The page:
Chuuk Struggles To Move On

by David V. Crisostomo

WENO, Chuuk (Pacific Daily News): July 11, 2002 - It took only seconds.

The heavy rains came first - pounding on the islands and running down hillsides like waterfalls. Then there was thunder and lighting. Next came the rumbling of earth.

"I looked up and I saw the earth moving. The tall breadfruit trees were still standing, but the ground was moving and coming down very fast," recalled 52-year-old Binasto Ruben.

His family was outside their wood-and-tin home on Tonoas Island early last week when rain-soaked soil gave way, mixing mud and debris that crushed and buried Ruben's home, as well as hundreds of others throughout Chuuk's 11 volcanic islands.

As Guam's typhoon recovery efforts are focused on clearing debris, and restoring power and water services, residents on the islands of Chuuk State are grieving the massive loss of life in the state's deadliest disaster.

Heavy rains from then-Tropical Storm Chata'an caused more than 30 landslides, which killed more than 40 people and injured dozens of others July 2. The landslides occurred throughout the day, some within just minutes of each other. Every day, the numbers increase as more people are found.

"We didn't even have a chance to run away," said Ruben, whose 11-year-old son, Guideman, was swept under a raging river of mud. The landslide carried his son for nearly 40 feet before spitting his body out into the ocean. Neighbors plucked the boy from the mangroves that line Tonoas' shore. The boy was seriously injured, but alive.

"It was like an ocean wave. My son survived, but many people did not make it," Ruben said. "It didn't even take a minute and so many people were dead."

State of emergency

Chuuk State, in the Federated States of Micronesia, which is about 620 miles southeast of Guam, remains in a state of emergency as disaster assessment teams are trying to determine the extent of the death and damage caused by the landslides.

International relief representatives are here, assisting state and municipal officials in the aftermath of the disaster. The landslides have left hundreds of Chuuk's 47,000 people homeless. It also destroyed many staple crops, aggravating a pre-existing food shortage.

The Pacific Division of the U.S. Army Corps of Engineers is expected to assist in Chuuk's recovery as part of emergency assistance provided by the Federal Emergency Management Agency.

The FSM, which was once a United Nations trust territory, is now a sovereign island nation that has a Compact of Free Association agreement with the United States, which allows FEMA to provide emergency assistance when needed.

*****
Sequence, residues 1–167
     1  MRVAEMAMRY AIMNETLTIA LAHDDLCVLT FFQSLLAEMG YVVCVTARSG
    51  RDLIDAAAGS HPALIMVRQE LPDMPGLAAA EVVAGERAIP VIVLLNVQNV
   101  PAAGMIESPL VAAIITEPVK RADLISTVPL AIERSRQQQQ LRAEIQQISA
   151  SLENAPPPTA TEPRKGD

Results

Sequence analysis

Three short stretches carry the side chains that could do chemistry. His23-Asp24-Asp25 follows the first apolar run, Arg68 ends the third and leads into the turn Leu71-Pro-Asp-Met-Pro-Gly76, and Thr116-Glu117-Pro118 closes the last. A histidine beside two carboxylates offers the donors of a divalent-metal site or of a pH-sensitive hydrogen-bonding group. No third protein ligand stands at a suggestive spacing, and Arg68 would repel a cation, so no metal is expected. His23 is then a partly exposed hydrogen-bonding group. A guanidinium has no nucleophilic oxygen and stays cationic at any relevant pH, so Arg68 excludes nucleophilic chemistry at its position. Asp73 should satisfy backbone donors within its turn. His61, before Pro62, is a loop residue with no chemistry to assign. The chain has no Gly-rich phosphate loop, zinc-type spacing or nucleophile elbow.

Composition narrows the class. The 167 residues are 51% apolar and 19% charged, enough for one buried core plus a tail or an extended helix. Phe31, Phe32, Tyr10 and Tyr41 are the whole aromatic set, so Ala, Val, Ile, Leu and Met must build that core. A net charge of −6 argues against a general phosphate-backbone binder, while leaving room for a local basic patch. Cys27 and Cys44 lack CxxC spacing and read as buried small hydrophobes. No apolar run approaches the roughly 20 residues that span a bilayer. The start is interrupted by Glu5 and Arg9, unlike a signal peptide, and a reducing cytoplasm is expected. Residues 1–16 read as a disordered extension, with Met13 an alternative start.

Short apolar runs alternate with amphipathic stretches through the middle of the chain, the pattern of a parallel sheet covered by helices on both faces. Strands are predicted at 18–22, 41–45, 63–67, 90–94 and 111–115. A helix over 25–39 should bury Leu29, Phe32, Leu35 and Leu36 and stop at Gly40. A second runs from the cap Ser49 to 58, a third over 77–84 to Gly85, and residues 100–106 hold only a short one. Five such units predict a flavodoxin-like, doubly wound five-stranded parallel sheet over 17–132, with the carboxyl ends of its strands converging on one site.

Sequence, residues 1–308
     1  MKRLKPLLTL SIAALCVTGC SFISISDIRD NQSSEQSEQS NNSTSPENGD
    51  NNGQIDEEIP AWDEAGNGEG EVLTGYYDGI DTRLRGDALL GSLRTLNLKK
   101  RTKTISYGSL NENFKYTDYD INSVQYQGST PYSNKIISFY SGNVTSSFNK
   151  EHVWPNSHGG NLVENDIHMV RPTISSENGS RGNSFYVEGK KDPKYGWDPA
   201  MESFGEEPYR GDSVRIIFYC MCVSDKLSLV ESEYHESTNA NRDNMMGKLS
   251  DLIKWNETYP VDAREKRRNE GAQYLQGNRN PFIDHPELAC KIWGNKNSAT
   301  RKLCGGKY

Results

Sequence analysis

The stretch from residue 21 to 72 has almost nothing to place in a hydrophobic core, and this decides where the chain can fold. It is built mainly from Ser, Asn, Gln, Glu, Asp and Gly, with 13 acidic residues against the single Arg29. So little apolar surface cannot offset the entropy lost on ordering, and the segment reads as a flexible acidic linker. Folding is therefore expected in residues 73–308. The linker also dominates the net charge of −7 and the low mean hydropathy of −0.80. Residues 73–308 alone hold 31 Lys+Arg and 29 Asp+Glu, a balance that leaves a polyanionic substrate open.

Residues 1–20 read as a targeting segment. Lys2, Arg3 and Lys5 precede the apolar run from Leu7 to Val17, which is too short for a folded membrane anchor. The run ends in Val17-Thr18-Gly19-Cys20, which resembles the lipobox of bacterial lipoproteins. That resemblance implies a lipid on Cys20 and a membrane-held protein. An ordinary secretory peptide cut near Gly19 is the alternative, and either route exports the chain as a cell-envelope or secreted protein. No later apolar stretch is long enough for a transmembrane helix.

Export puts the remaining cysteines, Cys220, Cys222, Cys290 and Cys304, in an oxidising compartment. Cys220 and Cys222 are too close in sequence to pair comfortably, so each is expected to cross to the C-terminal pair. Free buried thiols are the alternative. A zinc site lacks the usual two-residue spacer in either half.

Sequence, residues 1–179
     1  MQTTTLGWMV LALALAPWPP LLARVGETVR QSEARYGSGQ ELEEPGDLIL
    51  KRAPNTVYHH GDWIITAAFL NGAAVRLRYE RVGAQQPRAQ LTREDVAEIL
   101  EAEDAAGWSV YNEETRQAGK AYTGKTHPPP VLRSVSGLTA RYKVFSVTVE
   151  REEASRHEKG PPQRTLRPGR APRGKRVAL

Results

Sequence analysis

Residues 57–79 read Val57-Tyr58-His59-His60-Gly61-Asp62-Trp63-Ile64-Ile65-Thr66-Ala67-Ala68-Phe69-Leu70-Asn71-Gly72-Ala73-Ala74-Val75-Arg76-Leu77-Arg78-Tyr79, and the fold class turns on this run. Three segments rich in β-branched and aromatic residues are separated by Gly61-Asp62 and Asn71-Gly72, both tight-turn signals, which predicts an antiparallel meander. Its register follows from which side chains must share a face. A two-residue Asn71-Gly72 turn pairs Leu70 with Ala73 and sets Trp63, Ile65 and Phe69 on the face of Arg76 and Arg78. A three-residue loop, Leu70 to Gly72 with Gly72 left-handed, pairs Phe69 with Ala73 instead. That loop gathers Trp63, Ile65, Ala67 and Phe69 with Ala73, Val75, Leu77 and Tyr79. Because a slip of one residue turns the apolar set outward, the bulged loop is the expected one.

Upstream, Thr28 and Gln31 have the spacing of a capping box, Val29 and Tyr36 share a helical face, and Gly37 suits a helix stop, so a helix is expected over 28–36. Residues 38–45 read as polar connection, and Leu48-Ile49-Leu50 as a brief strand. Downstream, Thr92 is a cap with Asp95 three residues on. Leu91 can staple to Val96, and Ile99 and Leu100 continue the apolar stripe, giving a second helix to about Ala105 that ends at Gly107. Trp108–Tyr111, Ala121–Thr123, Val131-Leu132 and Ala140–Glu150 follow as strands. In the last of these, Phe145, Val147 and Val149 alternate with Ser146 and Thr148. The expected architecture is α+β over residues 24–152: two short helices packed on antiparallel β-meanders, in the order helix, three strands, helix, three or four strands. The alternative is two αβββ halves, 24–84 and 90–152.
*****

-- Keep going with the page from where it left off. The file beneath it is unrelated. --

The Pacific Division has drawn on its four districts in Hawai'i, Japan, Alaska and Korea, as well as other corps field offices from Buffalo, N.Y. and New Orleans to staff its emergency response team.

Japan's government also is sending humanitarian aid to Chuuk, according to a Pacific Islands News Association report. Japan plans to provide immediate emergency assistance of 10 tents, 1,000 blankets and 10 generators.

Earlier this week, a team of Guam doctors, organized by the nonprofit organization Ayuda Foundation, arrived in Chuuk to assist local surgeons in caring for the injured. The team's arrival followed an Ayuda-coordinated shipment of critically needed medical supplies, including IV fluid and pain medication.

"Ayuda Foundation is calling every hour to see what we need. We appreciate the help from everybody because we cannot survive this disaster alone," said Nachsa Siren, director of Chuuk's Department of Health and administrator for Chuuk State Hospital.


The hospital's medical and pediatric wards are filled to capacity with injured from the landslides. In the pediatric ward, many of the children are from the island of Tonoas, which had the most casualties.

We used to share a village with 21 families. Now we share a hospital ward, and we don't know where we will go from here," said Ruben, clutching the scarred hands of his son, who suffered extensive cuts and head injuries.

Doctors are unsure of the full extent of 11-year-old Guideman's injuries because the hospital does not have a working X-ray machine.

Ruben said he prays to God that his son will fully recover.

In an adjacent hospital room, 14-year-old Chentaleen Ambraw's head is covered in thick bandages. She sleeps peacefully, maybe for the first time since neighbors in Tonoas pulled her from the landslide debris, said her aunt, Uriana Kapier.